Employee failures are your own

Why is it that employees are hired in assisted living and long-term care, placed in positions without any preparation or orientation, and then both management and administration become angry when the new employee makes a mistake or fails? Managers are annoyed when an employee does not make the right decision, or complete a task or perform “properly.” Yet who is really at fault? Employees do not leave their house each morning, head off to work, and contemplate ways to make mistakes, upset you, or irritate their colleagues. Like you and me, they go to work intending to do the best job that they can do. So why do supervisors, managers, and leaders degrade and punish employees when something goes wrong as though the employee deliberately made the mistake?

When an employee fails it is often because they are ill-prepared or ill-equipped for the task or the job. While we know—and in previous columns have touched on—the value of an effective orientation, many new employees are not afforded such an opportunity. Orientation is often not thorough, or is limited. Unfortunately, in some cases an orientation does not happen at all. Organizational performance expectations are welcomed by employees who truly want to please employers, but all too often expectations are not communicated. When staff members are left to fend for themselves without orientations, expectations, or instructions, they simply do what they think they should or conduct their work in a manner that was acceptable in prior positions.

So, when a staff member makes a mistake or exercises an error in judgment, it is important to take the time to find out what happened and why the employee acted in a particular manner before reprimanding or instituting disciplinary action. Were the expectations not clear? Was this a new situation not previously experienced? When the specifics of the concern are known, use this information to help the employee understand what they have done, why it should have been done differently, and how to prevent it from occurring again. Most often you will find that using this as an opportunity for education allows for two-way communication and a greater understanding of the true incident, and disciplinary action may not be necessary. It’s certainly a more respectful approach, as well. By using education before discipline, you create an environment of education, collaboration, and respect. If the employee is simply “written up,” yet not educated, they are destined to repeat the behavior again.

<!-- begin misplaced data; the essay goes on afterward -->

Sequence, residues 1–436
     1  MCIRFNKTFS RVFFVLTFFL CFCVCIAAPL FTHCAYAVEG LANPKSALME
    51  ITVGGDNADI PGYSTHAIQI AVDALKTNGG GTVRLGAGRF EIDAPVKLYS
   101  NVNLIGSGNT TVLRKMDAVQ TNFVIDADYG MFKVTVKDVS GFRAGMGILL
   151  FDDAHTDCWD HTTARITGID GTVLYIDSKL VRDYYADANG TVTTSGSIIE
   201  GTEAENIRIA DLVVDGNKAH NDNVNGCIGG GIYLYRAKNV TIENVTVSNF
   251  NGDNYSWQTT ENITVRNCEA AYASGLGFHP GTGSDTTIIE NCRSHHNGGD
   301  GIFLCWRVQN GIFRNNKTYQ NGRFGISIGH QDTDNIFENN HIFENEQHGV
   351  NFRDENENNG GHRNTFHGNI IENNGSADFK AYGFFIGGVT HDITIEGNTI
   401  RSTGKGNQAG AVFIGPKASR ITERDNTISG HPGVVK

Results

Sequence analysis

At the same time, the leadership team needs to evaluation the situation and determine how and why this mistake occurred in order to prevent future incidents. Did leadership fail to establish a thorough orientation? Did this particular employee need more time in orientation or did they complete the orientation program? Has the organization established standards and expectations for employee performance in the care of the residents and have these expectations been communicated clearly?

In essence when a new employee fails, you have failed. You have failed to either instruct, educate, or communicate. So, without assigning blame, examine your own systems, programs, processes, and procedures to determine if an effective system is in place for preparing employees to succeed, and if it is sufficient. If changes are made to your orientation or a system is altered as a result of your examination, make the adjustments, implement the changes and be sure to monitor the changes to determine your success.

There will always be some employees who do not want to perform in the manner you wish and repeatedly makes the same mistakes. We are not fooled and neither are you—disciplinary action is appropriate when an employee does not respond to education. The noncompliant employee simply needs to determine whether they want to work with you or not. Discuss, educate, give each and every person a chance to improve and if they aren’t “on board,” they will need to leave either by choice or through the disciplinary process. Exemplary facilities do not keep employees who will not perform to the performance standards set. And the “best employees” choose to work with organizations committed to high standards, high expectations, and those that provide excellent care.

Topics: Articles , Facility management , Leadership , Staffing